An attempted coup that left nearly 200 civilians dead, set in motion by a faction of Turkey’s military on Friday and quashed by the government early Saturday, sent markets into a brief panic mode early this week.
Turkish President Recep Tayyip Erdogan laid blame for the coup on onetime ally Muhammed Fethullah Gülen, a Turkish preacher and former imam currently living in the United States, and is currently seeking his extradition. Meanwhile, the government has detained or dismissed thousands of judges, military and police personnel, and other officials suspected of being aligned with or supporting the coup.
The Turkish lira lost over 5% of its value over the past few days, dropping from 2.8782 to the US dollar on Thursday to 2.9845 today, retrenching slightly from lows of 3.0157 by end of trading on Friday.
The drop prompted the Central Bank of Turkey to implement emergency measures aimed at calming the currency rout, promising unlimited liquidity to the country’s banks and cutting the commission rate for intraday liquidity to zero. The Central Bank is scheduled to meet again today, and while there is arguably more pressure on the Central Bank's new governor Murat Cetinkaya to ease more aggressively, the recent drop in the lira will complicate any short term rate decisions.
Turkish Deputy PM Mehmet Simsek said the government has no plans to intervene or implement capital controls despite concerns over ‘hot money’ potentially leaving the country in the wake of the attempted coup.
The events this weekend also prompted panic among Turkish debt and equity investors. Turkey’s 10-year government bond yield has risen by 70bp since 15 July, and the Istanbul stock exchange declined by roughly 7% since last Friday. Spreads on Turkey’s credit default swaps (CDS) have widened by 20bp to hit 248bp, according to data from Bloomberg and the IIF.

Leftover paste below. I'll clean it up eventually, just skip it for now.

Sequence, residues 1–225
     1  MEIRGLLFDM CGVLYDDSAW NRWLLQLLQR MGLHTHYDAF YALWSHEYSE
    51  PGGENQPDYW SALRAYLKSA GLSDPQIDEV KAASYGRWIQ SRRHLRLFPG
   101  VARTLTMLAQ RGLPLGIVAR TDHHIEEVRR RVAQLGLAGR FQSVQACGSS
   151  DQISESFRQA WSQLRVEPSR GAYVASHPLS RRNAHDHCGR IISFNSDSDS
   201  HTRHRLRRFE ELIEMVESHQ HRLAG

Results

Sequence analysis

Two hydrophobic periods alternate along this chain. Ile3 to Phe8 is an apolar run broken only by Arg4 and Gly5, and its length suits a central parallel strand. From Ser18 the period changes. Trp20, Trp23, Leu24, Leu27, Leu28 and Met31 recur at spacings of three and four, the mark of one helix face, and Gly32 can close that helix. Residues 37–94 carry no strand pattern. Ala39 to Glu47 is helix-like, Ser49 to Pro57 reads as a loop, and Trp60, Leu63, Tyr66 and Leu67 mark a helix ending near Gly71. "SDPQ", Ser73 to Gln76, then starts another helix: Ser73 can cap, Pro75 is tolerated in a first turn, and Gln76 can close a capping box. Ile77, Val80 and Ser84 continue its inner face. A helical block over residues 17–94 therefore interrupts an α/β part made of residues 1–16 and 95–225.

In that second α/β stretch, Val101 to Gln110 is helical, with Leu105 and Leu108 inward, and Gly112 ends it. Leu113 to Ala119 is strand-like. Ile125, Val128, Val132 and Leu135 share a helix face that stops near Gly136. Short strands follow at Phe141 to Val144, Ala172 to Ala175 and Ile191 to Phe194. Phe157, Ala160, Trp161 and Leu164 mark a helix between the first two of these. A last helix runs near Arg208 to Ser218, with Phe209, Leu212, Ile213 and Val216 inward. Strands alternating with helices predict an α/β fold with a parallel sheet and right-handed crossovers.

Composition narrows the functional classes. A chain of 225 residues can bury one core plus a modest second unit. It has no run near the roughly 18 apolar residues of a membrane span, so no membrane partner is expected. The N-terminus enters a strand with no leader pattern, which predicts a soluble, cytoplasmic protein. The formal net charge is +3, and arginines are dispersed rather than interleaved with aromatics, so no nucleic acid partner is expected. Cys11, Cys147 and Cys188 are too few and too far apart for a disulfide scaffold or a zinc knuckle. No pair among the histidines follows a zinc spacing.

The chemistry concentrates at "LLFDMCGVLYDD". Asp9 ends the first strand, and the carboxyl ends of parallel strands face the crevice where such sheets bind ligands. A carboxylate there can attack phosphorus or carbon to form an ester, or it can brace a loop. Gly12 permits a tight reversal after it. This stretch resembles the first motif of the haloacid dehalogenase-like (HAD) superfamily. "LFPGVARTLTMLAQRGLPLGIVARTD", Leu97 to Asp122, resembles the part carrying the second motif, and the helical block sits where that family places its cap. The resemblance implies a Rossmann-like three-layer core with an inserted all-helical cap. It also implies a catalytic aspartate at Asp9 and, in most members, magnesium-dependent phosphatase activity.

“While capital inflows were solid in the first half of 2016, flows are likely to weaken going forward. Turkish banks may find it harder to access foreign funding, unlike the first half of the year,” explained Ugras Ulku, Senior Economist, Europe at the IIF in a note on the impact of the coup.
“Although most corporate FX debt is long-term, domestic corporations could experience rising balance sheet stress and weaker profits, especially those that do not have natural FX hedges. Correspondingly, domestic banks may begin to suffer from increasing NPLs over time as they are the main lenders to those companies.”
Ulku said economic and political uncertainty could lead to a downgrade by major rating agencies, which may trigger a sell-off of Turkish assets by institutional investors.
Moody's and Fitch both rate the sovereign one notch above investment grade, and Moody’s has said it would review the rating imminently as it evaluates the impact of recent events, while Fitch, which plans to review Turkey’s rating in August, said the coup attempt could weaken its creditworthiness. S&P, which in May revised its outlook on Turkey from 'negative' to 'stable', said it would also review the impact of recent events on its credit rating.